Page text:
Amanero vs Musiland
Finally hooked up the Amanero USB board to the Buffalo II DAC (80 Mhz). Managed to nicely install a ribbon cable matching the input arrangement of the BII board and not having to cross any wires which can potentially create interference and noise. One wire, the data wire, has to cross over but it does so over the ground plane of the board.
Here is a close up of the wire arrangement. Every signal wire has adjacent ground wires. Most of the inner row of connectors are ground. I utilized 3 of the connections for the 5 ground wire lines. Only the actual GND wire connects to the BII board)
Connecting to Buffalo II DAC. I salvaged the wire from some board. The connector proved very useful and convenient.
Also measured the unlocks right after power-on and compared it with the latest set of data I obtained from the Musiland 03US. In both cases the DPLL was set to lowest and the sample rate was 44.1KHz. Here are the results:
I would say the two interfaces are about even with respect to “jitter that matters” to the Buffalo II DAC. Even though the number of locks with the Amanero board seems to decrease rapidly after the first 10 minutes as compared with the Musiland board, there remains a low level of unlocks whereas the Musiland “settles” to about zero unlocks after the first hour. Of course this is just one set of data…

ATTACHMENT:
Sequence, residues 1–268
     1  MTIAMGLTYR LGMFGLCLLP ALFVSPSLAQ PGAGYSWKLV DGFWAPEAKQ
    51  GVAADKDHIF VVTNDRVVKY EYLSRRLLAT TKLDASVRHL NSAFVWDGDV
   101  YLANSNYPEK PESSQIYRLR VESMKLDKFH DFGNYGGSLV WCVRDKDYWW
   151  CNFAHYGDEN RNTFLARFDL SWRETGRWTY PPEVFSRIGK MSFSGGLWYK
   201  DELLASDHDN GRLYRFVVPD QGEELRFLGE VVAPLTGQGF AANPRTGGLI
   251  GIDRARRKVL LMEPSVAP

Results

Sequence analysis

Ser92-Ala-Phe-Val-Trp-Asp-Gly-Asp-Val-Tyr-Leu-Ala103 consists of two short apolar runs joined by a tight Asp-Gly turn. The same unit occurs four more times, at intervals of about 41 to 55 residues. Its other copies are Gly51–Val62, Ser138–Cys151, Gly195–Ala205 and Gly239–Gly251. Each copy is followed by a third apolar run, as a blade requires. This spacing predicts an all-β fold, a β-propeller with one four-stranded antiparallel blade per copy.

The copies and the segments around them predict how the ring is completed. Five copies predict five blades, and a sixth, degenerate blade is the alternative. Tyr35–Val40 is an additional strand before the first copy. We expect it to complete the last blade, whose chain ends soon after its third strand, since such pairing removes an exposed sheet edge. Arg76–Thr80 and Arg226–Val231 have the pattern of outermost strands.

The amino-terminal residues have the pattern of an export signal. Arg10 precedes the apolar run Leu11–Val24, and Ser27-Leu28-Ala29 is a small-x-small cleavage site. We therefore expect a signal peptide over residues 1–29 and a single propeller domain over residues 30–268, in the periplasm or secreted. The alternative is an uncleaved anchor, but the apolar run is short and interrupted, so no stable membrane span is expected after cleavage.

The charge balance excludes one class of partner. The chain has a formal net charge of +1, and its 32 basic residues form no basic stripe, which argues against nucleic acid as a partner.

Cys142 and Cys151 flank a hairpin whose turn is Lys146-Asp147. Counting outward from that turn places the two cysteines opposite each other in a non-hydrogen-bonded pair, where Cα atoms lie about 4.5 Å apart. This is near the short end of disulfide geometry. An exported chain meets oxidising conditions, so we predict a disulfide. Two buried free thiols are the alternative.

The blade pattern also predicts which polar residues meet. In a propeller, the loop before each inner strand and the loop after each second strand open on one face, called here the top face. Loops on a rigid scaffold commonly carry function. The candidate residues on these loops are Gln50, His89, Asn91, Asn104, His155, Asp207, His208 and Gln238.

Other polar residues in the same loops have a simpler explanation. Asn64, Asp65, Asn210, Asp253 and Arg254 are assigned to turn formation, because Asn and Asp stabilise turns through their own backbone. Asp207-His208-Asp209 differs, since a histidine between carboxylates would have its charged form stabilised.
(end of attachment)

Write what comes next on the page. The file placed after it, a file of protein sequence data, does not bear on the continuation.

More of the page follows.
Several previous experiments with Musiland did show settling down to zero unlocks after about 1 hour. I continued the measurements with the Amanero board and the values are: 1:40- 6 unlocks, 1:50 -3 unlocks, 2:00 -3 unlocks. I don’t know what causes this remaining low level of unlocks. For one thing the data for the Musiland was taken a long while back, so noise in the power lines (feeding my house) might have changed. Further the driver for the two devices are rather different: the Musiland driver is a USB bulk driver whereas the driver for the Amanero board is a USB asynchronous driver.
Though the design of the Amanero board is indeed “better” than the Musiland with respect to minimizing jitter, the combination of the Musiland driver and h/w implementation seems to enable the Musiland devices to be competitive with the best USB interfaces.